In recent years the media has followed celebrities checking in and out of rehabilitation centres as if they were the new ‘it’ holiday destination. Bad press has led to increased fears and misconceptions around rehab centres. Many families would not consider them an option for their loved ones when, in reality, they can offer the treatment they need. Hopefully the information below will clarify what rehabs do and how valuable their support can be towards a successful recovery from addiction.
Rehab is not a prison
Unless under a court order, no one is forced to stay within the walls of the rehabilitation centre once they are there. You are not sentencing your loved one under lockdown as punishment; there are no high security gates and bars on windows. Many facilities have a community-based environment, focusing on supporting the sufferer to overcome their addiction rather than pressuring them to. Neither are they a holiday resort, there is a lot of responsibility for the sufferer to challenge themselves and overcome their addiction while they are there. The patient must truly want to improve to be able to change but they are not alone in recovery.
Rehab is not the end of the road
Rehabilitation can be intimidating. It often involves leaving home, work and family to live at the centre and commit a lot of time and effort. For some it is an extreme last resort and only required when the sufferer is no longer able to function. It may seem excessive for those who think they may be able to recover on their own. It is not emphasized enough how difficult and futile managing an addiction can seem for an individual. If left unaided, an addiction can deteriorate and further consume someone’s life. The statistics cannot be ignored. The recovery rate in rehab is much higher and quicker than people tend to assume. Victims of addiction often cannot afford to delay rehab; it is a rational investment in the long run.
Rehab is not expensive
Addicts often suffer from deep-rooted psychological, emotional and physical effects in everyday life. Many addicts’ lives, relationships and careers have been shattered under the pressure of an addiction. In this light, what price can be put on the best treatment? After recovery, a higher self esteem and potential for ambition usually balance the financial effects of taking time away from work. The cost of being entered into a rehabilitation programme will be reimbursed as money is no longer wasted on alcohol, drugs or other substances.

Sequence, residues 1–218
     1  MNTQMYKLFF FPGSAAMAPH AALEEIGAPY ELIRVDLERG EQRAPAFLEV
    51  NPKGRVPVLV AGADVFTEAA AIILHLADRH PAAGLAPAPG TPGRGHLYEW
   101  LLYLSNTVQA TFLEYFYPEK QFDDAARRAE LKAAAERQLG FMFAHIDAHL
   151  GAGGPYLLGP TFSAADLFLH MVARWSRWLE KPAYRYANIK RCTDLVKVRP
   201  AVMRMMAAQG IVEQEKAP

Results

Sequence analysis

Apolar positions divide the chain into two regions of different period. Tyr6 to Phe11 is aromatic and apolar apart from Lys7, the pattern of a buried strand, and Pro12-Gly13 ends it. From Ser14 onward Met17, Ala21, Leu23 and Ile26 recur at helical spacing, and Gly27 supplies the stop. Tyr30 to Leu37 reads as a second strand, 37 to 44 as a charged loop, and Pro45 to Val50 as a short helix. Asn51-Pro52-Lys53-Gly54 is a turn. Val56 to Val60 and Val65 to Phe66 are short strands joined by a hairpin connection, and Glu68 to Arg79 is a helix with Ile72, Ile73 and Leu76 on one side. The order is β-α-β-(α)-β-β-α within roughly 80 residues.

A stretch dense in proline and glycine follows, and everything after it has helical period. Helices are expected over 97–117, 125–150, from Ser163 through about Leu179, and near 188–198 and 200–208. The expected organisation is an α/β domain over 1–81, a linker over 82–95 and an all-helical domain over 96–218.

Rehab does not brainwash
There are religion-specific rehabilitation centres but many are non-denominational. And, no, your loved one will not be encouraged to join a cult whilst in their vulnerable state. Sufferers have an unhealthy mental dependency on their addiction, have low self esteem and health issues. Recovery often involves the need to perceive their life in different ways and imagine a life without their addiction. This is not psychic-style “brainwashing” but a re-education, allowing a sufferer to effectively rebuild their lives.
Rehab is not a ‘one-stop’ cure
Rehabilitation centres do not perform a type of addiction exorcism. Addiction is a lifelong affliction that the sufferer will have to continually battle with. Aftercare provides support but the sufferer will have to fully rebuild and support their lives once they have left the centre. Rehab is merely the preparation for a very difficult process of recovery. Relapses are expected, this does not mean rehab or the sufferer has failed. Again, it is a gruelling process and the success of rehab is dependent on the member and the effort they are willing to make towards recuperation.
This is a guest contribution by Nick L. Nick has a wide range of interests, but is currently focused on heal based issues. More specifically, Nick is fascinated by addictions and the rehabilitation that combats them. For more information on rehab, click here.